The pavilion was raised on a platform consisting of a huge slab of polished Moruya granite with six sides to represent the original six states of the federation. Known as the Commonwealth Stone, the slab was later, in 1904, embedded into the ground as a permanent memorial to mark the exact spot where the Commonwealth came into being.
Following the inauguration ceremony, a number of people suggested that the original fibrous plaster ornamentations should be remade in marble. No action was taken in relation to these suggestions, and in 1902 the pavilion was reported in the Botanic Gardens and Domain Report for that year to be in a very dilapidated condition. The report recommended the pavilion's removal. It was soon put up for sale and bought by the Municipality of Concord for the sum of £60. At the time of purchase the plaster ornamentations had all but disintegrated, leaving the wooden skeleton or frame on which they had been erected.
The pavilion was moved (the shell of the rotunda) by Concord Council to Cabarita Park (then known as Mortlake Park) in 1903 though it was now stripped of all its original ornamentation. As part of the Jubilee of Federation celebrations, the Lieutenant Governor and the Chief Justice of NSW, Kenneth Street, unveiled a memorial tablet and plaque in the pavilion at its new location in Cabarita Park on 9 May 1951. The ceremony was organised by Concord Council and attended by some 10,000 people. Representatives of 14 harbourside councils also attended, while the Mayor of Concord, Ald. H. F. Stanton, read messages from 18 other city and suburban councils. The messages had been delivered by runners from the Western Suburbs Amateur Athletic Association who had taken part in an 11-mile relay around Concord Municipality before the ceremony. Messages of goodwill were also received from the then Lord Hopetoun and his son, the Marquis. Accompanying the ceremony were exhibitions of basketball, gymnastic displays and aquatic events, including water-skiing and speedboat racing. The Navy League, local Boy Scouts and Sea Scouts formed guards of honour for the distinguished guests after unveiling the plaque.
A proposal to restore the pavilion to its original appearance, but using marble for the ornamental features, arose in 1972. However this was refused by the NSW Government Architect because of the difficulties involved, the lack of any known plans and drawings for the structure, the fact that it would not be satisfactory to reproduce in durable material ornamentation that was originally designed to be temporary. In 1983, the NSW Premier's Department initiated moves to return the pavilion to its original location in Centennial Park in preparation for the Centenary of Federation celebrations in 2001. This proposal was rejected unanimously by Concord Council, its members indignantly pointing out that the structure would not have survived at all but for its purchase, re-erection and maintenance by the Council.
From at least the 1980s the pavilion in Cabarita Park has been used as the venue for wedding parties and band recitals.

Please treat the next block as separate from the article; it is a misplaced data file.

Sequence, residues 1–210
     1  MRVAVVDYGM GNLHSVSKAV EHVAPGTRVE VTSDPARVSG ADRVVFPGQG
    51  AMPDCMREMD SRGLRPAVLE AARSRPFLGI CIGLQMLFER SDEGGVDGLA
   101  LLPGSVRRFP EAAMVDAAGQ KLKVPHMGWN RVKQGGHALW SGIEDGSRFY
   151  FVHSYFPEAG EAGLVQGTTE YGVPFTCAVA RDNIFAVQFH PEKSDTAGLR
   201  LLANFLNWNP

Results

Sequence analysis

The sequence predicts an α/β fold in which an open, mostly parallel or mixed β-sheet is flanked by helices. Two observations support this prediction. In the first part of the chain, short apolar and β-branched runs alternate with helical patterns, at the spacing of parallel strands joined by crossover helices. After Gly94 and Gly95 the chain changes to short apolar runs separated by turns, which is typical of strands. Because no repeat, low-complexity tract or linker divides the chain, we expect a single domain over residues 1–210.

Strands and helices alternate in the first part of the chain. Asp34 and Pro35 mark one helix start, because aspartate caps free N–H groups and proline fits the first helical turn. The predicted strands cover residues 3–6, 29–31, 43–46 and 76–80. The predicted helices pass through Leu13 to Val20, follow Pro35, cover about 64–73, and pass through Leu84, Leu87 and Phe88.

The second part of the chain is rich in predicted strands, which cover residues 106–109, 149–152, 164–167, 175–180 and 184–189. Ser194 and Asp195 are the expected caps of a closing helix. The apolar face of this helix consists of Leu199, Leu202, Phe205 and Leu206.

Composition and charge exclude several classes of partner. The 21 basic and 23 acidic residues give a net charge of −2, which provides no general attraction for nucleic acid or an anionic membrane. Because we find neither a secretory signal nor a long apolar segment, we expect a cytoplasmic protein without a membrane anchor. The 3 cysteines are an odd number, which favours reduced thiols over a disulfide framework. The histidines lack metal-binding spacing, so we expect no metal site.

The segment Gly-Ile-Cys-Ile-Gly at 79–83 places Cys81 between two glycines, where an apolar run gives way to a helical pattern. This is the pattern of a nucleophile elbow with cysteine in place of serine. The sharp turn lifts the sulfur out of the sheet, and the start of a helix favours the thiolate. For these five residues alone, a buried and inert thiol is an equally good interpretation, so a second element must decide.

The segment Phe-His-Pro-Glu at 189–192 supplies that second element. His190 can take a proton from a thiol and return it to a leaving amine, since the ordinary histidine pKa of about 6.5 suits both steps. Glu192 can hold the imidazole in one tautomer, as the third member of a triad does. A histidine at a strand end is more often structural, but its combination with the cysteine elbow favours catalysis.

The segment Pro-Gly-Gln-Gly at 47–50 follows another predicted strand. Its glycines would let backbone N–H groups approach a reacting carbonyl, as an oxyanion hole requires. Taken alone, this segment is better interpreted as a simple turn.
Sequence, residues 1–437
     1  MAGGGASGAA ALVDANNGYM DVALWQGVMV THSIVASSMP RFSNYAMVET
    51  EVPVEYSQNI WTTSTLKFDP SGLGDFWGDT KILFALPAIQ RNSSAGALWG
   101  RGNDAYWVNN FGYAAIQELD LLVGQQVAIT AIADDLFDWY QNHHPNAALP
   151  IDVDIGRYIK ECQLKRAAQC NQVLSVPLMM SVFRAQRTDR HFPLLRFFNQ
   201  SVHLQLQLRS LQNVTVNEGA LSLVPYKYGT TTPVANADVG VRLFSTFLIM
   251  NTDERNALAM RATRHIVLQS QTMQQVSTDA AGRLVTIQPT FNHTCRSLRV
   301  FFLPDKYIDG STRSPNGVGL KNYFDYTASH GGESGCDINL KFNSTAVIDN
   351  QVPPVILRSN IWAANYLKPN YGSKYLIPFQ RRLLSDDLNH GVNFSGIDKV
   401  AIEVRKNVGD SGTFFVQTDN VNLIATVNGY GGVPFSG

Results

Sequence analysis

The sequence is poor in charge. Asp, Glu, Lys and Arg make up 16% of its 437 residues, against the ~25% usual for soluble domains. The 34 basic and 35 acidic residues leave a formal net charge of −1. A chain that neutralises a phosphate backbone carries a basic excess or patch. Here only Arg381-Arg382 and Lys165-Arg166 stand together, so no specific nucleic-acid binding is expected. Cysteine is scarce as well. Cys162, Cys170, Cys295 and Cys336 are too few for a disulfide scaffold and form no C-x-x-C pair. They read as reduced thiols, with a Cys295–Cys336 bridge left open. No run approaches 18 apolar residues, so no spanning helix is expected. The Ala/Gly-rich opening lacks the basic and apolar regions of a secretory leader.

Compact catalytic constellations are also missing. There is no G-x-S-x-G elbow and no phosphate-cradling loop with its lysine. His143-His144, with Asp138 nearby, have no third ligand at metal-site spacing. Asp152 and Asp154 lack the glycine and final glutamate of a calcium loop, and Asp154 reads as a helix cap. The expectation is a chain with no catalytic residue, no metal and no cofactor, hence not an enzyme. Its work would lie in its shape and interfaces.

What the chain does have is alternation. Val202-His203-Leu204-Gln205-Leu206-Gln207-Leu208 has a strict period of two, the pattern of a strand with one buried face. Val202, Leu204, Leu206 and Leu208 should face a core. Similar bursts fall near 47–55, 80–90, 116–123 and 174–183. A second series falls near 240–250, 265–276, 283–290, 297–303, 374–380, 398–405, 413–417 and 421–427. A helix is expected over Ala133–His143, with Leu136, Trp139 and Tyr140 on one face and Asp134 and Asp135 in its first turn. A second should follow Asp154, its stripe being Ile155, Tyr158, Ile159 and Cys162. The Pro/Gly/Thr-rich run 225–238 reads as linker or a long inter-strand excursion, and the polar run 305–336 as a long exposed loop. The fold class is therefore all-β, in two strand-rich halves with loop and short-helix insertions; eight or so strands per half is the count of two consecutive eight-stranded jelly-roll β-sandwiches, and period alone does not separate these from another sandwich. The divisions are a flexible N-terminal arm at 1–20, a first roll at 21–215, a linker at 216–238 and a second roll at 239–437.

In 1988, a new and permanent Federation Pavilion, designed by architect Alexander Tzannes in post modern style and evoking the form of a classical rotunda was erected over the granite slab in Centennial Park, the Bicentennial year of European settlement.
Other structures in Cabarita Park over the years have included a boatshed, netted harbour swimming baths, Cabarita Swimming Centre, a kiosk/caretaker's cottage, picnic shelters, marina, boat ramp, children's playground and Rivercat ferry wharf.
The pavilion is much altered from its original 1901 appearance, with most of its ornate features gone. These include the arches and grouped Ionic columns, the entablature, the Commonwealth Coat of Arms, lion head keystones and the roof with its shingle motif and finial. Though it retains the general form of the original, the pavilion is now a much plainer structure. It is not elevated as it was in 1901, but rests on a slab of concrete level with the surrounding ground. The pillars supporting the dome are plain timber posts which formed the core of the original Ionic columns. The arches resting on the pillars have been replaced with a series of vertical timber battens. It is not clear how much of the original fabric remains.
The pavilion was reported to be well maintained and in good condition as at 14 February 2007.
The pavilion structure is significant as the timber frame of the pavilion that was used as the site for the swearing in of the first Governor General of Australia, Lord Hopetoun, the first prime Minister, Edmund Barton, and the first Cabinet at the official inauguration of federation in Centennial Park, Sydney, on 1 January 1901.
The structure is highly valued by the community for its symbolic and cultural associations as the focal point of the official ceremony to inaugurate the Commonwealth of Australia on 1 January 1901.
The structure is significant for its association with important figures in Australia's history, particularly those involved in the federation of the Australian colonies and the formation of the Commonwealth of Australia. Pre-eminent among these figures are Edmund Barton, the first Prime Minister, and Lord Hopetoun, the first Governor General.
The pavilion was moved (the shell of the rotunda) to Cabarita Park in 1903.
Federation Pavilion, Cabarita Park was listed on the New South Wales State Heritage Register on 22 December 2000.